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THINK INDIA (Quarterly Journal) The Hidden Role of the Children in the Household Economy: An Insights from the Hilly Regions of Arunachal Pradesh

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The contributions made in the household economy is not only from adults but also from the childrens. However, most of the children"s works goes unnoticed and unrecognised. In remote rural areas, children are actively engage in many activities.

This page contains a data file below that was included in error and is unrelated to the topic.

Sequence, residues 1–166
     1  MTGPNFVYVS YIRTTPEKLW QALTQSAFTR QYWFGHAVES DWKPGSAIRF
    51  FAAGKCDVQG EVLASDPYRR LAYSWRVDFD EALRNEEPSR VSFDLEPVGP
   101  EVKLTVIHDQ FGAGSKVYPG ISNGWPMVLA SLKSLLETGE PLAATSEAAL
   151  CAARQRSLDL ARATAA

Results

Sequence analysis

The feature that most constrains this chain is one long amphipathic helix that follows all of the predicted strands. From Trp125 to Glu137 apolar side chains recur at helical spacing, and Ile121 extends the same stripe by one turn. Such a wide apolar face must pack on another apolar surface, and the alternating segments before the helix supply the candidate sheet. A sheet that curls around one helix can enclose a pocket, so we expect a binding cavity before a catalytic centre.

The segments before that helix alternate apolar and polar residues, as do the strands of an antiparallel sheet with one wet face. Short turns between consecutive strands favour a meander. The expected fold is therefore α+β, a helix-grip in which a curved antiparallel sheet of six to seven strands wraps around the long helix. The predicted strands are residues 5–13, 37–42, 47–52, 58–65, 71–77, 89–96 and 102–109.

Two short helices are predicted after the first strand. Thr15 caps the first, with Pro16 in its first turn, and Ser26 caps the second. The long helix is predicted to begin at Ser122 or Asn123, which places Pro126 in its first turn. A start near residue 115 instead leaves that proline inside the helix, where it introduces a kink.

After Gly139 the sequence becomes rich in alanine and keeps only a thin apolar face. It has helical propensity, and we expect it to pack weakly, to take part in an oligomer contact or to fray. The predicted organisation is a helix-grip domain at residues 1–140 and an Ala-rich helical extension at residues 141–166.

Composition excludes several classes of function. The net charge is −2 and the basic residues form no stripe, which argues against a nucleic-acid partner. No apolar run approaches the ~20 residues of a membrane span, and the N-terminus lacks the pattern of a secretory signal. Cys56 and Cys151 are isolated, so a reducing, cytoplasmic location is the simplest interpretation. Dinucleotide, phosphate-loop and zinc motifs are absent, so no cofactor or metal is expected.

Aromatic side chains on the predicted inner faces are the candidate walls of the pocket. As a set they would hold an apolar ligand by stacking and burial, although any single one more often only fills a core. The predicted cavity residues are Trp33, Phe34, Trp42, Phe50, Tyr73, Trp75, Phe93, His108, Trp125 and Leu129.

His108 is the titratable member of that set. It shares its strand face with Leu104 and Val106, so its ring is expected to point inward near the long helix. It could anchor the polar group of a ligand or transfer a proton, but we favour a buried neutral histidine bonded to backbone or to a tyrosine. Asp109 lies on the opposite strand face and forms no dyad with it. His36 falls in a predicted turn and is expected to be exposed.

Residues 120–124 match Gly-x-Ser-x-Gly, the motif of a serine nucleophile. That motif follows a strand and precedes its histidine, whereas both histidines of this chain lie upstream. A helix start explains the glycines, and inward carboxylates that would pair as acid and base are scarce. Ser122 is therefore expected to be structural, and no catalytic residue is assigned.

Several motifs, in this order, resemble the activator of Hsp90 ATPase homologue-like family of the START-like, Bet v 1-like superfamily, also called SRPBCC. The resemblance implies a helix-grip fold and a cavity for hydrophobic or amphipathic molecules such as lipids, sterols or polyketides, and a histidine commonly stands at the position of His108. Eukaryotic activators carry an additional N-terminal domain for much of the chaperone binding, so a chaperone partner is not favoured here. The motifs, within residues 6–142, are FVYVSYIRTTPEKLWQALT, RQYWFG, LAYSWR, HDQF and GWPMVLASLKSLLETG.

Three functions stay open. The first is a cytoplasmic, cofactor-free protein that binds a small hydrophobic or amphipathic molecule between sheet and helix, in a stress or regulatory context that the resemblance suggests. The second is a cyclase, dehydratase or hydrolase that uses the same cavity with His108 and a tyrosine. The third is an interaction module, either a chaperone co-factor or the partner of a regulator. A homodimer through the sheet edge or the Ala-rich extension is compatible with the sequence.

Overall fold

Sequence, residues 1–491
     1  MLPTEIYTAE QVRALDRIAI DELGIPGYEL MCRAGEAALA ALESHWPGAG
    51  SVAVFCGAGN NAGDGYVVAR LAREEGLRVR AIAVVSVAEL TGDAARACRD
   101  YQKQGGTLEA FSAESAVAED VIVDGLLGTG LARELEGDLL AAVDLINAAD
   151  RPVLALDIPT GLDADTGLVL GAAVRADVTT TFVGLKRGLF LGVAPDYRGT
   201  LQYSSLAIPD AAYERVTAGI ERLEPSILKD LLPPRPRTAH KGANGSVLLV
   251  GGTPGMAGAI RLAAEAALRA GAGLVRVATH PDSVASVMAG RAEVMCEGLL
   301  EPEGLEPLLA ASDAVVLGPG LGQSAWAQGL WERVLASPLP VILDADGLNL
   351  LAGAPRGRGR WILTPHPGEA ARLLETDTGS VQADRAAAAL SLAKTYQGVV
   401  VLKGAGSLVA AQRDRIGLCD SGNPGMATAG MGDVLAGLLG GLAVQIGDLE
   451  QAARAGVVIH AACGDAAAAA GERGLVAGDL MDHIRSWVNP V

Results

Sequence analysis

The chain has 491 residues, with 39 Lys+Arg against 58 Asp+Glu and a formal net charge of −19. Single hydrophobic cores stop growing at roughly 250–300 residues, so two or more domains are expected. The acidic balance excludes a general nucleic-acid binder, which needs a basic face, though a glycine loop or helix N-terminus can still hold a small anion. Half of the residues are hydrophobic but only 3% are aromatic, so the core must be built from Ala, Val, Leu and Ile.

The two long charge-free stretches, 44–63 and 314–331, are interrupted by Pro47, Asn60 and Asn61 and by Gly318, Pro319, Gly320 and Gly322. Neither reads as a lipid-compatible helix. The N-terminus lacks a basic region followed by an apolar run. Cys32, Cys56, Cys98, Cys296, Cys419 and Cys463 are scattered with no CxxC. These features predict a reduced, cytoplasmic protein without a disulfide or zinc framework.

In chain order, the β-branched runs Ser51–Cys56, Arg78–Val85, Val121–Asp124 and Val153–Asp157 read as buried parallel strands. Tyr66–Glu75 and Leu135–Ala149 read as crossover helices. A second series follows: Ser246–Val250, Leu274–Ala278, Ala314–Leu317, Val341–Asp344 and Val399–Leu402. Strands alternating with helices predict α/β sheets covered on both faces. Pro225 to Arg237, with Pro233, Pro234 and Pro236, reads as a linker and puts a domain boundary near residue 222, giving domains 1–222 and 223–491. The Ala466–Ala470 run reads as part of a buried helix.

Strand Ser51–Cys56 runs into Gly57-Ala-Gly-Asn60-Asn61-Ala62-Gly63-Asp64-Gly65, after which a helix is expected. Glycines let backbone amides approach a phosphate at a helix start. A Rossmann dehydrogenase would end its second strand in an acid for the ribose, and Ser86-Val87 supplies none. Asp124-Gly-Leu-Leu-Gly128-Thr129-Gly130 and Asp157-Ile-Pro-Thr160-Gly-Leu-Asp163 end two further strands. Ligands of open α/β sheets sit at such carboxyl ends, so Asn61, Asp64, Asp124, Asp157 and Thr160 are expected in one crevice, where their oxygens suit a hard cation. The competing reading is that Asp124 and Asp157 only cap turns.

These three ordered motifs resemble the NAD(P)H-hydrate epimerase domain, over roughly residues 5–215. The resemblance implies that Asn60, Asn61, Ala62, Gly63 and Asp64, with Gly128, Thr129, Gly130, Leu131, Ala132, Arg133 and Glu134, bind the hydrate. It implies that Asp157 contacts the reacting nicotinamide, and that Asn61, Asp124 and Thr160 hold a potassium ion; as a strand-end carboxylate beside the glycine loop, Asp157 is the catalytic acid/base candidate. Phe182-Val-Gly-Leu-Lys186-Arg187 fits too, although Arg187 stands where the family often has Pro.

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  THINK INDIA (Quarterly Journal) ISSN: 0971-1260 Vol-22-Issue-4-October-December-2019 Page | 997   The Hidden Role of the Children in the Household Economy: An Insights from the Hilly Regions of Arunachal Pradesh Apilang Apum. Institution affialiated: Assistant Professor (Economics), Jomin Tayeng Government Model Degree College Roing. Email Address: apilangapum@gmail.com Abstract The contributions made in the household economy is not only from adults but also from the childrens. However, most of the children‟s works goes unnoticed and unrecognised. In remote rural areas, children are actively engage in many activities. Given the backwardness of the rural economy majority of the population are engage in agricultural activities. Whereas the parents are working in the agriculture, the childrens are busy in taking care of their of younger siblings so that the parents would be free to do their work. In this way childrens contribute a lot in the household economy. In this paper, an attempt is made to study the various types of activities where children are engaged that indirectly contribute in the household economy. Key Words: Childrens, Household Chores, Child Labor, Household Economy Introduction and Conceptual Framework: The concept of child labour varies across different setting and context. There has been a series of debates on the definition of Child‟s labour. The researchers are still finding it difficult to develop a consensus definition of child work. The centre of the arguments is the „inclusive‟ and „exclusive‟ definition of child labour  - what to include and exclude? The definition of the International Labour Organisation is exclusive. It includes only those paid or unpaid economic activities that are related to the market. It does not include domestic chores in the category of child labour. The main reason for its exclusion is that domestic chores are not related to the market. However, another group of researchers demands a more inclusive definition of child labour. They say that household chores should be included in child labour as it also contributes indirectly to the family income. Children are engaged in household chores so that parents would be free to work. According to a study by Vandermesh (Bhukuth, 2008), people employed girls as a domestic worker at home, but they are not paid directly by the employer but through an agent or intermediaries. The intermediaries pass on the wages to the parents. Similarly, children are engaged in family domestic chores to make adults free to work. In this way, they are contributing to the family income indirectly (Bhukuth, 2008). In India, child labour is largely predominant in agriculture, domestic work, and pre-industrial,  pre-capitalist workshops (Myron Weiner, 1989). Cartwright called those children who are taking care of their siblings as home care children, and he included them in the category of „not doing” any work (cited in Bhukuth, 2008). However, in a dominant agricultural society,  THINK INDIA (Quarterly Journal) ISSN: 0971-1260 Vol-22-Issue-4-October-December-2019 Page | 998   women are compelled to take help from their children (Neera Burra, 2005). Particularly in rural areas, the supporting parents is considered as part of parenting and growing (V.Gayathri, 2003). Therefore, we cannot label sibling care activities as „not doing‟ any work category. Burki and Shahnaz (2003) called them as children involved in home production (cited in Bhukuth, 2008). The inclusion of household chores in the child labour definition shows that girls work more hour than the boys (Rammohan, 2014) . Fukui defines work as „any kind of activity of which the direct or indirect aim is to assume responsibility for one's life. Where this responsibility rests on the child, the issue is one of child labour‟( cited in Bhukuth, 2008:181). Contrastingly, Lieten (2002) argued to exclude the household work from the ambit of the definition of Child labour. He brought the distinction between child work and child labour. All the economic activities- either paid or unpaid comes under the broad category of child work. Child labour is more specific to paid work. He segregates work into formal and informal work. Burra (2005) argues that it is easier to tackle the broadly defined child labour than the narrowly defined one. She challenged the idea of differential notions of “labour” and “work” as it leads to a distinct ion between formal and informal economy. Therefore, we should not distinguish between formal and informal work, paid and unpaid work, which relates to each other closely. Rajan, n.d, argues that economic discourses focus more on paid work, whereas anthropology and sociology concentrate on all work done by the children (Rajan, 2008). As per Bhukuth (2008) in English, there is a distinction between child work and child labour,  but in French  –  language publications, there are no such distinctions. Thus, all work is injurious to the child irrespective of light and heavy as it interferes with the education of the child. Akabayashi and Psacharopoulos argued that children who divided his time between education and work tends to under-performs at school and is a poor achiever (as cited in Bhukuth,2008). Motkuri (2003), reinforced the need for broadening the definition of child labour and suggested to include not only the working children but also the nowhere children. An NGO, Child Rights and You (CRY) consider all forms of labour as hazardous, and therefore, the distinction between hazardous and non-hazardous work is spurious 1 . It is  because children are obligated to work due to poverty and adult unemployment. On May 15, 2015, the Government of India gave its nod to the controversial amendment (Prohibition & Regulation) Act that permits children under 14 years of age to work in family-run enterprises or entertainment industry with certain conditions while completely banning their employment elsewhere. Brief Literature Review: Several studies have tried to find out the reason for the engagement of children in economic activities. One of the many reason s is the parent‟s level of education. It determines the children activities (Rana Ejaz Ali Khan, 2008) and minimises the labour force participation of  both girls and boys. Contrastingly, Barman (2011), found a negative relationship between the level of education of the child and parents with the participation of children in the workforce. 1   www.cry.org  THINK INDIA (Quarterly Journal) ISSN: 0971-1260 Vol-22-Issue-4-October-December-2019 Page | 999   The cultural beliefs and tradition also influence the attitude of the parents. The common  belief is that children need to learn skills that can be good for their future (V.Gayathri, 2003). A study of child labour in Peru and Pakistan shows that child labour improves the personal development of the child (Ray, 2000). Such misconception encourages millions of children to engage in either paid or unpaid domestic and agricultural activities. The demand for cheap labour and the inadequate income and unemployment of adults are the major reason for the employment of the children. Due to inadequate income, the poor and bonded family sell their children to the employers who exploit the children in town and cities (Das and Singh, 2014). The socio-economic factors influence the engagement of children in the household. In richer households, children spend less time on housework. In a household with large agricultural land or cattle, both boys and girls work more in the family business. It is because farm work is very labour intensive (Webbink, Smits, & Jong, 2012) Poverty is often associated with child labour. Several studies have found a positive relationship between poverty and child labour (Pallage, 2005). Family Poverty increases the  probability of child work (Amin, Quayes, & Rives, 2004). Contrastingly poverty is not the reason for child work; rather, it is the income that attracts to parents to send their child for work (Swain, 2014). The arguments on child labour issues are never-ending, and therefore, we cannot fit the whole issues in one frame. It is very complex as it encompasses social,  political, economic, and anthropological aspects. There is still a lack of consensus among different groups of reasercher on the definition of child labour. Therefore, the need is to see the issues from an interdisciplinary perspective. It also demands to see the issues from a local context. Objectives and Methodology of the study: This paper aim to study the contribution of children in the household economy. The study is descriptive and is base on the primary data. It is collected using a sample survey. The study area is Upper Siang and Shi-Yomi districts of Arunachal Pradesh. The selected districts are one of the most remote districts in Arunachal Pradesh, which is bordering to China in the northern and western part of Arunachal Pradesh respectively. Three villages from each district are selected as sample villages. The names of the village selected from Upper Siang are Pasi, Padam, and Moying. Tato, Mechuka, and Ruku villages are selected from Shi-Yomi district. Purposive sampling technique was used to select the households from each villages. The household having 5-14 years of aged was only selected for the interview. Altogether 132 households have been interviewed using the structured questionnaire. Results and Discussions: Table 1    presented the basic statistics of the children. The total number of children selected for an interview were 132 out of which 42.4 per cent were male and 57.6 per cent female. Out of the school-going children, 83.3 per cent are attending school, and 16.7 per cent are not. Although the majority of the children (62.2) per cent of them have started schooling at 4-5 years, a considerable percentage have started lately at six years or more. Table 1. The Basic profile of the children Category Percentage Percentage  THINK INDIA (Quarterly Journal) ISSN: 0971-1260 Vol-22-Issue-4-October-December-2019 Page | Source: Field Data, 2019 Further, 87.1 per cent of the children missed school at least once in a week, and 12.9 per cent had missed two days in a week. The reasons for their absence are the burden of taking care of the younger siblings (48.4) so that the parents would be free to engage in their work. Reasonable proportions (35.5) are helping their parents in agricultural activities. Marginal  percentage (6.5) is engaged in collect ing wild fruits from the jungle. This fruit is called „ Pipikoya‟ in their local language, and its demand is high in  the market. The price fluctuates  between 4000-7000 per kg. It is a special case of Ruku village. The people of Ruku village goes to a jungle in the month of winter where they spend 10-15 days to collect wild fruits which is pricy. The parents take their children along with them to carry foods, as they have to spend 10-15 days in the jungle. However, most of them are compels to assists the parents as it is one of the main sources of income for them. Interestingly, in their innocence, the children do enjoy the task. Table 1 shows that 16.7 per cent of the children is not attending school. Table 2 presents the reasons for the non-attendance of schooling. More than 60 per cent (61.1) are not attending school because they have to carry their younger sibling. Marginal percentage (5.6) is working as a domestic helper. The parents of those children who are working as domestic helper are working as a labour in General Reserve Engineer Force (GREF). No local children are working as a domestic helper. The parents do not send their children to school, as they are too young (11.1). A very less percentage of children drop out of school. Out of 132 children, only four children dropout from the school. The reasons are the failure in the examination and lack of interest in study (75) and taking care of the siblings (25). Table 2: Reasons for Out of School Children Category Reasons Percentage  Not attending/attended School Parents Did Not Send 22.2 Sibling Care 61.1 Work As Domestic Labour 5.6 Too Young 11.1 Age at which left the 6 25.0 Attending school Yes 83.3  No 16.7 Age at which started schooling At 5 62.2 More Than 5 37.8 Missed school in the past week Yes 28.8  No 71.2  Number of missing days 1 87.1 2 12.9 Reasons for missing the school Agricultural field 45.2 Sibling care 48.4 Collect fruits From the Jungle 6.5  THINK INDIA (Quarterly Journal) ISSN: 0971-1260 Vol-22-Issue-4-October-December-2019 Page | school 8 25.0 10 50.0 Reasons for leaving School Got Failed 75.0 Sibling Care 25.0 Source: Field data, 2019 Household activities of the children: Figure 1 presents the household activities of the children. The children are engaged in the household task, the highest being the collection of firewood from the jungle (67.4). In Ruku village, which is the remotes of all other village, the child collects firewood from the hills and sell it in the market. One bundle of firewood costs two hundred rupees. Other task includes caring for the old/children (63.6), cleaning utensil/house (59.8), washing clothes (20.5), cooking (6.8), and negligible percentage engages in shopping for household (2.3). Apart from these, the other tasks where they are involved are helping parents in agricultural field (44.4),  poultry care (25.4), husking (19.4), helping in collecting wild fruit from the jungle (7.5), and tending livestock (3.0). In the villages, particularly in Pasi and Padam, people invite the group of children to work in their agricultural field. They paid 200 rupees per day per person. However, it is not a regular practice. Figure 2 presents the other activities of the children where they are engaged. Source: Field data, 2019 2.3 97.7 6.8 93.2 59.8 40.2 20.5 79.5 63.6 36.4 67.4 32.6 020406080100120    P  e  r  c  e  n   t  a  g  e Household Activities Figure 1: Household Activities of the Children Shopping For HouseholdCookingCleaning Utensil/HouseWashing ClothesCaring For The Old/Children/SickCollect Firewood